• Stick to the basics: protein, fiber, and water. Focus on hunger suppressing, nutrient-dense foods first. Protein is the most satiating food and the most hunger suppressing. Carbohydrates that are high in fiber and water (think fruit and vegetables) provide volume in the stomach. As the stomach fills and stretches, signals are sent to the brain that the stomach is full. Due to its bulking effect in the stomach, fiber-rich carbohydrates provide satiety with fewer calories. On the other hand, processed and refined carbohydrates that do not contain much fiber and water (like bread, chips, or pasta) do not have the same impact on hunger. For many people, these foods also trigger cravings, which leads to overeating. And lastly, fat is the least hunger-suppressing food according to research. It’s also the most calorie-dense. 

A tool for reading labels.

Hey, I get it. Eating on the go is part of life. Life is hectic, and we’re all busy juggling different roles and responsibilities. At the same time, we all want more time for ourselves, family, friends, and hobbies. And, we want to be healthy. Wow, that’s A LOT. Understandably, we find ourselves in the grocery store navigating the complex world of convenience and packaged foods. Many of these foods claim to be healthy too! That’s a no-brainer, right? Sometimes, sure. But how do we really know if this “gluten-free, dairy-free, and sugar-free” protein bar is actually healthy? On the one hand, we want quick, easy, tasty, and affordable choices. On the other hand, we want to be healthy too, and some of these claims can be misleading. You’re smart for even considering this! Let’s guide your metabolic detective with a simple tool you can use anywhere. 

When reading labels look for foods that are calorie sparse, but have a strong hunger suppressing effect. This means finding foods that satisfy you but also keep hunger, energy and cravings (HEC) in check. To figure out how hunger suppressing a processed food is, follow this equation:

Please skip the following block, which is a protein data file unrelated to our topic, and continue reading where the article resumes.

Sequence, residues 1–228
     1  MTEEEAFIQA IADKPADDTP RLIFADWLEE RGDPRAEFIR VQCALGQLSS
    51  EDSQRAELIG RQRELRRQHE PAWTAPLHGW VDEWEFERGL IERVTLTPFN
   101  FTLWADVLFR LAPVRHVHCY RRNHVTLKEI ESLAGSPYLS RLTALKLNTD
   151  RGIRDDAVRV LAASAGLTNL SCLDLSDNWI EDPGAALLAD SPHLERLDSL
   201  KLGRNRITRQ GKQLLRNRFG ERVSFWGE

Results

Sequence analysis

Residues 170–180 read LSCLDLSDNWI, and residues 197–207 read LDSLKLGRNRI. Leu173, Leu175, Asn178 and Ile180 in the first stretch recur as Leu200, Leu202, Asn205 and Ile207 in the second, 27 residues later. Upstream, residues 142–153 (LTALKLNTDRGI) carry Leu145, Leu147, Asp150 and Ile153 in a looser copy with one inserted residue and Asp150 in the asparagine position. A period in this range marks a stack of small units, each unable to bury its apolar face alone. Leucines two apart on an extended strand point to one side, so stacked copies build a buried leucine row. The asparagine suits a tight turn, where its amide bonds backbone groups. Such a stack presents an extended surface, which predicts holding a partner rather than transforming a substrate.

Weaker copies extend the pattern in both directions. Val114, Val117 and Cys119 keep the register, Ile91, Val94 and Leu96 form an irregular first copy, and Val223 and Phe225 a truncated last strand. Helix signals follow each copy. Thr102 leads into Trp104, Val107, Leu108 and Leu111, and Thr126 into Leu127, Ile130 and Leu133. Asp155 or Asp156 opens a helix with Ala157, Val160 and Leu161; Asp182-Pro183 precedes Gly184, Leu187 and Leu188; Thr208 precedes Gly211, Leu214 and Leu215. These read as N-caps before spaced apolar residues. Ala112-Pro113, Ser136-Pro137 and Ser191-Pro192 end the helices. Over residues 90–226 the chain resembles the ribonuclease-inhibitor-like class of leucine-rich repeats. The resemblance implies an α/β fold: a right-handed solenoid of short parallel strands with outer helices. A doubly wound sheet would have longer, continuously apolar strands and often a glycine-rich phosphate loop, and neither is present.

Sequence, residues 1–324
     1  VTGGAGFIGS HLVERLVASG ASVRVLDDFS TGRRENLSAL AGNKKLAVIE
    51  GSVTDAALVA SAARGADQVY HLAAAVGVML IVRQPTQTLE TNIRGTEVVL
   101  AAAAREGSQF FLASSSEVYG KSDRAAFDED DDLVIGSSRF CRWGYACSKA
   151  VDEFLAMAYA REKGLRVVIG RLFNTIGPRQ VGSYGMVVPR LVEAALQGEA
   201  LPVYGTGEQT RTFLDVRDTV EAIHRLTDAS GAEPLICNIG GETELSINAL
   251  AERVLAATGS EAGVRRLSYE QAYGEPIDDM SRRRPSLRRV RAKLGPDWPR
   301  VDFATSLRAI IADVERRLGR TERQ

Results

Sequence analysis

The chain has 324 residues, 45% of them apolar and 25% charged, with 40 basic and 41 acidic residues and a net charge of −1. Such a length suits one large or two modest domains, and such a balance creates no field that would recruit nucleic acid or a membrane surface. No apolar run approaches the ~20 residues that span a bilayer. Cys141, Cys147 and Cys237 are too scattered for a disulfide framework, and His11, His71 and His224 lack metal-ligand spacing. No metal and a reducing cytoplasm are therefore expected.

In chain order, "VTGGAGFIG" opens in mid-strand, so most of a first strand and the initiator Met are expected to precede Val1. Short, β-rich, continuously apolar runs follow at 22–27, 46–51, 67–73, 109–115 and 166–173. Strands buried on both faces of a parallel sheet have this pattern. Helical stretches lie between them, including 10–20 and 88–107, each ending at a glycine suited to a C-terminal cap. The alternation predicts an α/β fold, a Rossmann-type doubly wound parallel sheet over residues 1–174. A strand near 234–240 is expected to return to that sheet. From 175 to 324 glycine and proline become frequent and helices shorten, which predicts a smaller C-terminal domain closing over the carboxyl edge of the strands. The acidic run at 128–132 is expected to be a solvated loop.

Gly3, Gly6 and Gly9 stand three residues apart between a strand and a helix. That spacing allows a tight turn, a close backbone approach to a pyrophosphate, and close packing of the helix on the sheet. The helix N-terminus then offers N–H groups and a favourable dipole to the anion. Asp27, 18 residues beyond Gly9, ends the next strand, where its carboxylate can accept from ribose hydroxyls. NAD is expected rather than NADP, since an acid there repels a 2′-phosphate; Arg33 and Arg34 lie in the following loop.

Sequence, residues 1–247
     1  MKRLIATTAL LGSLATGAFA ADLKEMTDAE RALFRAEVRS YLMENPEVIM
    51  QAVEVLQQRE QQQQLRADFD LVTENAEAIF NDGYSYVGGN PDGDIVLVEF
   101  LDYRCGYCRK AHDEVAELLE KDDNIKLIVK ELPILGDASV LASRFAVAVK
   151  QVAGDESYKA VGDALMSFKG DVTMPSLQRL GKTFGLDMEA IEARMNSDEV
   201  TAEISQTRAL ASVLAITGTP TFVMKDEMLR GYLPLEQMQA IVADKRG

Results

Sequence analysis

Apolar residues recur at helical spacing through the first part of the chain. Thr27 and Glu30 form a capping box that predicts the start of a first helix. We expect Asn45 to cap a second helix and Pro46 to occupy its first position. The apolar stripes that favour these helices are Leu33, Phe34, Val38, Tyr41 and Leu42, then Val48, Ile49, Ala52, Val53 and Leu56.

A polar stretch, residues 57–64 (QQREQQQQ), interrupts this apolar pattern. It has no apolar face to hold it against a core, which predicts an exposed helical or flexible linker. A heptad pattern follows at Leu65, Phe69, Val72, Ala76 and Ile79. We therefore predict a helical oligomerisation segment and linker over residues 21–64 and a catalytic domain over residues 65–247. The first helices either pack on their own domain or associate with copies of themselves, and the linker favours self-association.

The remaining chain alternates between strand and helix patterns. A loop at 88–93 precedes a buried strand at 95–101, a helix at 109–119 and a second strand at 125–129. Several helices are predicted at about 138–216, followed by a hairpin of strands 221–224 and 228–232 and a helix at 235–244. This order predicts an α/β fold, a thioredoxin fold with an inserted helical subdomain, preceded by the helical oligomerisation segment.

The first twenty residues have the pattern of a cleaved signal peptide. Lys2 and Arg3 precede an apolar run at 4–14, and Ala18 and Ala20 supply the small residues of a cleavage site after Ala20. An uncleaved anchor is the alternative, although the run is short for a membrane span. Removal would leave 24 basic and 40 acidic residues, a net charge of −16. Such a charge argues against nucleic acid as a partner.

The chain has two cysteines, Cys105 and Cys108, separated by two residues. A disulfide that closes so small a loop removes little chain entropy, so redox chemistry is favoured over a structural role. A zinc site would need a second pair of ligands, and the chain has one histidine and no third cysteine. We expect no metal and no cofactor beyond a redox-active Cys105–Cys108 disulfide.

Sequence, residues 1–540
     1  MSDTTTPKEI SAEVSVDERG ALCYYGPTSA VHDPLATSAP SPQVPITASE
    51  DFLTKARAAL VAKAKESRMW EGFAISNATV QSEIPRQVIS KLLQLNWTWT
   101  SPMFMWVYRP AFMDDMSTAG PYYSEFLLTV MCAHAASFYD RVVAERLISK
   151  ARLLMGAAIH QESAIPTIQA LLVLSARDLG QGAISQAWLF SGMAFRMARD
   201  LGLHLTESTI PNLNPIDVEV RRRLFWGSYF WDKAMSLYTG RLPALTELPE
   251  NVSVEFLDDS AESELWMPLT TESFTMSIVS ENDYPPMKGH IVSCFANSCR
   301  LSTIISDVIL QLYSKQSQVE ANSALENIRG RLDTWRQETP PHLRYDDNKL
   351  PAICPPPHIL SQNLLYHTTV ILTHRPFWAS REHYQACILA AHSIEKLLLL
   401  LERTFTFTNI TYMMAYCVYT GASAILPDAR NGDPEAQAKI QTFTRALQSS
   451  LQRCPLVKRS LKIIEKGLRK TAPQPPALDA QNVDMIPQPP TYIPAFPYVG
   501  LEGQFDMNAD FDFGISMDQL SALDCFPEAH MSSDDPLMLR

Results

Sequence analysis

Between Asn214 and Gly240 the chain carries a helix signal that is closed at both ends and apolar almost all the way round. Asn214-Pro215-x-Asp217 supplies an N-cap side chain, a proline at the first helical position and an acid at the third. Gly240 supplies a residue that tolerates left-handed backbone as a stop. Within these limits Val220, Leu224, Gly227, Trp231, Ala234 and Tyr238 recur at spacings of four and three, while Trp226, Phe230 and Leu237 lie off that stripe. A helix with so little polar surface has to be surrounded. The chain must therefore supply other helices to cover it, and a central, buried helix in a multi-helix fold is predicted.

• Step 1: Add the total amount of grams of carbohydrates + the total amount of fat grams together.
  • Step 2: Add the total number of grams of protein + total fiber grams together.
  • Step 3: Subtract the [protein + fiber] total from [carb + fat] total.
  • Tip: Calculate for 1 serving.

In this episode Dr. Jade breaks down some of the science and practical considerations around food labels and convenience foods. 

When it comes to the score, aim for foods with numbers that are less than 10. Negative numbers are better, but we’re not looking for perfection here. This is simply a tool to guide your choices and to help you navigate the plethora of packaged foods (healthy or otherwise). 

Looking for examples? I’ve got you covered. Here are a few packaged snack options that score ten or less (amazon links are for reference only): 

  • Rhythm Superfoods Kale Chips
  • SKINNYDIPPED SuperDark + Sea Salt Chocolate Covered Almonds
  • Go Raw Sprouted Seed Trail Mix Bars Gluten-Free, Paleo, Vegan, Natural, Organic, Nut Free Dark Chocolate Sea Salt
  • 365 Everyday Value, Organic Lightly Salted Pea Crisps
  • Ocean’s Halo Seaweed Snacks
  • Mediterra Savory Nutritional Bars, Kale & Pumpkin Seeds

Recap: How to make choices that are “good enough” vs “perfect” (without derailing your goals)!

  • Embrace the middle ground. What does the choice in the middle look like? 
  • Establish your own hard and fast rules. 
  • Plan ahead using “If/Then” statements. Consider potential trade-offs before heading out. 
  • Want-willing-won’t. Before you head out, get clear on what you are willing – and not willing – to do in these situations by considering what’s most important to you. 
  • Stick to the basics: protein, fiber and water.

One final note. Acknowledge the complexity and reality of these situations with compassion. Be kind to yourself. Give yourself permission to adjust and adapt to changing circumstances. When internal conflict arises, bring awareness and curiosity to it, rather than judgement and criticism. Your thoughts and feelings drive your behavior. When there’s a gap, consider what you truly want and need. Experiment with these strategies to reframe and combine values in a way that suits you.

Photo by gbarkz on Unsplash